Is Fat Acceptance Denialism?

If you’ve read any criticism of Fat Acceptance or Fat Liberation or Health At Every Size, you’ve probably heard the term “denialism” come up. People in these movements are compared to creationists, anti-vaccine activists, or, most frequently, climate change deniers.

Fat Acceptance proponents range from those who think that the link between fat and “obesity-related” diseases is overhyped and not looked at critically enough, to those who flat-out say that fat does not cause any diseases. (One problem with the latter statement is that just as correlation does not prove causation, it doesn’t disprove causation either; saying we don’t know for sure that fat causes* something does not mean that we know for sure it doesn’t cause something.) A good example of the former is Thing #2 from The Fat Nutritionist’s post, Stuff People Assume I Believe vs. Stuff I Actually Believe:

2) That there are no health risks associated with being fat.

Obviously, there are, or, once again, my blog and the entire “obesity epidemic” concept would not exist. However, even though research shows that there are health risks with being fat, especially extremely fat, the research also seems to indicate that 1) we don’t know for certain whether all those risks are caused by a direct physiological mechanism of adipose tissue, 2) that trying to lose weight does not work permanently for most people, 3) even if it did work permanently, we still do not know whether a formerly-fat person would enjoy the same lowered risk as a naturally-thin person, and 4) that “obese” people with good health habits have less risk, even though they are still fat.

Also, having a condition that means you have more health risks doesn’t make you a bad person or an intolerable burden on society. Lots of different categories of people have elevated health risks (like men), but we don’t stigmatize them in the same devastating ways we do fat people.

Another good quote comes from Barry Deutsch/Ampersand at Alas, a Blog:

I don’t think you could fairly say that people like Linda Bacon, Paul Campos, Kate Harding, and myself say “that there’s no link” — although others have caricatured my views that way. A fairer summary of the HAES view on fat and health is that the strength and certainty of the link is vastly exaggerated and oversimplified; that people can be fat and healthy; and that for fat people who want to improve their health, weight-loss diets almost never work, but HAES does.

Probably there are HAES advocates who say there is absolutely no link, full stop — I think I’ve seen people argue that in comments. But it’s cherry-picking to ignore the most sophisticated arguments in favor of the least nuanced.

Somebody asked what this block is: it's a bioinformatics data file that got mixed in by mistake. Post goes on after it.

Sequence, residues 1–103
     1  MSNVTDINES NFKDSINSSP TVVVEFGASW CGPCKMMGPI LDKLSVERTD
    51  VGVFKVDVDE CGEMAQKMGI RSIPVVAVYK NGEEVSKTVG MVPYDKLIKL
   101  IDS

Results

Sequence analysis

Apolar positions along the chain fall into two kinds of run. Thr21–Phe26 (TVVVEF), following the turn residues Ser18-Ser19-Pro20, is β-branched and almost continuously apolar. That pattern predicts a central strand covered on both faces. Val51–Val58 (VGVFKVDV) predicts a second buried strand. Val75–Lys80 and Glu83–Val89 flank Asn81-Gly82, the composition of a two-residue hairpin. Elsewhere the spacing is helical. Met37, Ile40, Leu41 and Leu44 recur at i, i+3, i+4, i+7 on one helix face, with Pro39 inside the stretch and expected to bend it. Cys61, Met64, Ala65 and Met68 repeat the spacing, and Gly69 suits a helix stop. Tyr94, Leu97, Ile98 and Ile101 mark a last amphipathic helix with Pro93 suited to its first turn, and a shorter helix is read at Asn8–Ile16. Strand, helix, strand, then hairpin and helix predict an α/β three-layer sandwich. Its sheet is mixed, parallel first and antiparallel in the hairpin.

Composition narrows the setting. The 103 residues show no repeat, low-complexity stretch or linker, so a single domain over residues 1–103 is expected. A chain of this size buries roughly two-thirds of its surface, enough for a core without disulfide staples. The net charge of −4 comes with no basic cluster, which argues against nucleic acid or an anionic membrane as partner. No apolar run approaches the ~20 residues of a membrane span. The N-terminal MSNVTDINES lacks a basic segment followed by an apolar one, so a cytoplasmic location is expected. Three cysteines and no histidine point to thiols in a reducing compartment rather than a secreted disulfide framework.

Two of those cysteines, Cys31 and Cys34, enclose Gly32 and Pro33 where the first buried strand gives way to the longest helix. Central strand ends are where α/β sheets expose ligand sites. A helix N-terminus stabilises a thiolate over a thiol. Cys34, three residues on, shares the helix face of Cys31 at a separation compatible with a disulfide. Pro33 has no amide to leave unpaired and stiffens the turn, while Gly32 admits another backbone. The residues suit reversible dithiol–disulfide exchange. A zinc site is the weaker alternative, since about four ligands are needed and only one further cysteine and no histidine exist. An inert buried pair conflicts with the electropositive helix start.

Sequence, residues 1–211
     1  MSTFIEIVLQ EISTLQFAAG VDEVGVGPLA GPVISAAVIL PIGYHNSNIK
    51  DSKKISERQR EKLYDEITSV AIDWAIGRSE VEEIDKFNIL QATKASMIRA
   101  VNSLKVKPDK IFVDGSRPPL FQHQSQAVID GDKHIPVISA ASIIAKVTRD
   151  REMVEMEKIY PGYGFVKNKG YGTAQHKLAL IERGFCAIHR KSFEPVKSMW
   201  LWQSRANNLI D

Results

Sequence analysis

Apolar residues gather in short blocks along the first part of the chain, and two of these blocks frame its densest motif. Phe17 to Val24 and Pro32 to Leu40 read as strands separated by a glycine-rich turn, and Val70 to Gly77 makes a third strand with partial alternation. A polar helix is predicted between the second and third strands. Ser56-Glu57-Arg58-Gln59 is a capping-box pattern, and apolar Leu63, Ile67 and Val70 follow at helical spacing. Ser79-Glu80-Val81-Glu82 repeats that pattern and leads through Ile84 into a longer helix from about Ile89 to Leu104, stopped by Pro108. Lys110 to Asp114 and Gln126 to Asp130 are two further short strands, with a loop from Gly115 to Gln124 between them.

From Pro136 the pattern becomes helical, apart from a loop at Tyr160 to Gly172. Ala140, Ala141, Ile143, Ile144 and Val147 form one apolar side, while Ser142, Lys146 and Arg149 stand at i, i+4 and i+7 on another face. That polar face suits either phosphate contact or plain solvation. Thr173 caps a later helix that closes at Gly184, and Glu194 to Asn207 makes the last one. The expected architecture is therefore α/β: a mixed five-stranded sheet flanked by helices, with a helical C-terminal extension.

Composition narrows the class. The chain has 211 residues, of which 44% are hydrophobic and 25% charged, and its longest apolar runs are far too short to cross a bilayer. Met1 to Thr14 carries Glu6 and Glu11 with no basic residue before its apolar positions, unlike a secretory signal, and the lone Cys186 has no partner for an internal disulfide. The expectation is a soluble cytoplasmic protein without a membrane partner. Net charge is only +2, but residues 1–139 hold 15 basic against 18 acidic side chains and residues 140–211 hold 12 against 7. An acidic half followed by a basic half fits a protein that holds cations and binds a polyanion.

As for “minimizing the link” — minimized compared to what? Compared to NPR claiming “being even a bit overweight can potentially kill you”? Or the Surgeon General declaring “obesity is a greater threat than terrorism”? Compared to the mainstream, hell yes I’m a minimizer. I hope Amanda is, too.

Kate Harding has a good summary of her thoughts on this in Don’t You Realize Fat is Unhealthy?! The only one of her 10 points you could maybe sorta call denialist is #3; I think there is some evidence (I’m not sure exactly how many studies have been done) that on average (not to be confused with every single individual) fat people exercise less and eat more than thin people. But there are caveats: there are definitely exceptions, even among very fat people; it’s not clear whether there’s a very big difference in eating or exercise, and there are some studies that don’t show any difference; and it’s hard to disentangle cause and effect here: are people fat because they don’t exercise, or do people exercise less because they are fat and there are barriers to them exercising? Or both? Even putting aside the effects of stigma, if someone identifies as fat and they are told that fat people eat more and exercise less than thin people, it may influence them to do just that. (In any case, I don’t think it’s a big deal if fat people eat more than thin people.)

The Well-Rounded Mama is also a good example of a blogger who writes about fat and health (specifically relating to pregnancy, childbirth, and nursing) who talks about complications for which higher BMIs are a risk factor and how to mitigate the risks, as well as pointing out where iatrogenic effects can lead to worse outcomes for high-BMI women (for example, non-evidence-based practices like using a vertical instead of low transverse incision for Caesareans and ideas like soft tissue dystocia), and standing against radical exaggerations of those risks (which are often used as a threat to try to force women to lose weight or to not have a baby).